Storm mode for gas crews

Coastal storm

Coastal storm

When we think of winter storms our first thoughts are usually of our electric linemen who battle the elements to restore power when snow, sleet and freezing rain impact our system. What we may not consider is that our gas operations teams also go into “storm mode” during these times – especially in coastal communities.

That’s because the risk of flooding in these areas pose significant threats to our gas distribution systems. Flooding can wreak some serious hazard – it can cause the ground to shift and pipes to break, water can infiltrate the system, and customer gas meters can become submerged.

All of these scenarios require that our gas crews stand at the ready to respond in the case of an emergency. In some areas of Massachusetts, we pre-deploy gas crews to certain municipalities because flooding and road closures can isolate them.  This is true in the peninsula areas of Nahant, Marblehead and Gloucester – which have one road in and one road out. If a road closure due to flooding occurs, it would mean those communities would be without immediate emergency response.

Sidewalk along coastTo plan ahead and to be prepared, our gas crews work with local municipal fire and police officials in those coastal towns. CMS and gas field operations teams, along with digging equipment, head out to those areas before the storm hits and stay there for the duration of the storm.  If assistance is needed, they’re on site and ready to go. “There’s a certain comfort level from the towns knowing that we’re there,” said lead supervisor Bill Moszka.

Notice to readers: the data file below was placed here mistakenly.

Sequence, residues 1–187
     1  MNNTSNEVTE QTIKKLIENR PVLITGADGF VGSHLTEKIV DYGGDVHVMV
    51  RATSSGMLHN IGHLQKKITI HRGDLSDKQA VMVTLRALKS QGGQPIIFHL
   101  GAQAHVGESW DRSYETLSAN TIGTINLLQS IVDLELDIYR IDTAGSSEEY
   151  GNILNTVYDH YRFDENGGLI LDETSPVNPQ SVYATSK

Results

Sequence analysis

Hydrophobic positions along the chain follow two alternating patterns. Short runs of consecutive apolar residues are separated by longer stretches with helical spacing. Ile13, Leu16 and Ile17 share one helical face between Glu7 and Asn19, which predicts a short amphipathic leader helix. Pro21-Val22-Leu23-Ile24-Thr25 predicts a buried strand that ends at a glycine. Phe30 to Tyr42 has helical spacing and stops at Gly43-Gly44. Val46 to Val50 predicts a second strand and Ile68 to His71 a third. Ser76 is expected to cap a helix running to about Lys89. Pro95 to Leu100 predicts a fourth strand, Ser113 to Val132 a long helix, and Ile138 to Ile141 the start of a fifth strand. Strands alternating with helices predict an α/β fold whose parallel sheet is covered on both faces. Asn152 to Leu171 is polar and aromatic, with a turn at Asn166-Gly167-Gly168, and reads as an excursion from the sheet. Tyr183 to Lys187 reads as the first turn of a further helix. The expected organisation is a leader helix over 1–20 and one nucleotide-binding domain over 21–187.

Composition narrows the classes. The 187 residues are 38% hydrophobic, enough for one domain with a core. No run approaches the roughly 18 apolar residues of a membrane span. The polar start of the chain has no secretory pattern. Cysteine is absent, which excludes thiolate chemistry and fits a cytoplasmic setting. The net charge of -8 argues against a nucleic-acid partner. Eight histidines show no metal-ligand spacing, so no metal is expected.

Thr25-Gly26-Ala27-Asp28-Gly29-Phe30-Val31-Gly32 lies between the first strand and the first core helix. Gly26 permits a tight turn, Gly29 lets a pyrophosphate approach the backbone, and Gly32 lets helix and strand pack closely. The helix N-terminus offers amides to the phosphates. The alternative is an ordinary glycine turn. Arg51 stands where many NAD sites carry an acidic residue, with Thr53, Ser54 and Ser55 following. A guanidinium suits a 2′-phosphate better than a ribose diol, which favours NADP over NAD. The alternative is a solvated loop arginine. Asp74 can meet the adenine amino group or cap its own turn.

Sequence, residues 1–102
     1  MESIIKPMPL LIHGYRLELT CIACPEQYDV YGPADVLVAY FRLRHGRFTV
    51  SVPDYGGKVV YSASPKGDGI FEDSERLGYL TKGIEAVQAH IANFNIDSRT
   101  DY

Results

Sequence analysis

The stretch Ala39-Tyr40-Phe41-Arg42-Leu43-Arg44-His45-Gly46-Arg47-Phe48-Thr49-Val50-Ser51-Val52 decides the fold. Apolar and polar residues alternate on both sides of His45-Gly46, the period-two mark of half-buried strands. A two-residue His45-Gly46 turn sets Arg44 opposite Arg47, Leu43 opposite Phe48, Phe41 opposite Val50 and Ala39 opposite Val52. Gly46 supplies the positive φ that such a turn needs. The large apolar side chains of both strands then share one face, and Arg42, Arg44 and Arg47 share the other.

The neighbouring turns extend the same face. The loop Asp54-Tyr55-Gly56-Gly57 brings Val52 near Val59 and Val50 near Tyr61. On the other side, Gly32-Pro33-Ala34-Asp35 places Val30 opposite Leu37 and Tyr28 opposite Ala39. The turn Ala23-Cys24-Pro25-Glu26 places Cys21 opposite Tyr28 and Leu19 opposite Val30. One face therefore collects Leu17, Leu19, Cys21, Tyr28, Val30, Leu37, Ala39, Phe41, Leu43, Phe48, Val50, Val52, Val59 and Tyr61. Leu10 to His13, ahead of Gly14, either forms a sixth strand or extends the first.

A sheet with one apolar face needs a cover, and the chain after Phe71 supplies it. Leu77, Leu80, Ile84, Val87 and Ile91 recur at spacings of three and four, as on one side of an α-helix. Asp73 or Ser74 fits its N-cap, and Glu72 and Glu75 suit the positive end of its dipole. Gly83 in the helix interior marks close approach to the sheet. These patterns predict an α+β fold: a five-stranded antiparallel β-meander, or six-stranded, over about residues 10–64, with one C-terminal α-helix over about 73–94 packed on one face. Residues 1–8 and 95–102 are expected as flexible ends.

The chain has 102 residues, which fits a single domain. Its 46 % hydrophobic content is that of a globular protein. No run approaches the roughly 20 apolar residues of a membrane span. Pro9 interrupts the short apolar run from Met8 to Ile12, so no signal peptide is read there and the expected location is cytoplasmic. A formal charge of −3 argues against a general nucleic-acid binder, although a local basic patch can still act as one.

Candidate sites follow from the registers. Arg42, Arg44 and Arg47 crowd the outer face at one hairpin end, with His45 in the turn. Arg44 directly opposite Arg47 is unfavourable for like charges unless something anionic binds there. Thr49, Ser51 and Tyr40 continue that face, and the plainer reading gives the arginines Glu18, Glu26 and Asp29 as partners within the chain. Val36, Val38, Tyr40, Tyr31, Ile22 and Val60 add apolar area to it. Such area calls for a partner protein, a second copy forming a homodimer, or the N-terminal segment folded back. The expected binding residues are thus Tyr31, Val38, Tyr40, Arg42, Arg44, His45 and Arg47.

Mike Snow, a supervisor based out of Beverly, is one of those employees who hunkered down in a coastal town during a storm. “It can get pretty interesting,” he said. While the teams spend much of their time listening to radios with police and fire personnel, they also head out to inspect critical valves and dead-end feeds that are not looped into the system to make sure the areas around them are clear. The teams often battle high winds and ocean water crashing over the roads to do this work.

So the next time you gear up for your own storm assignment– don’t forget the important role that our gas crews play in our emergency preparedness. They are out there weathering the storm just like our electric teams to ensure the safety and reliability of our systems.


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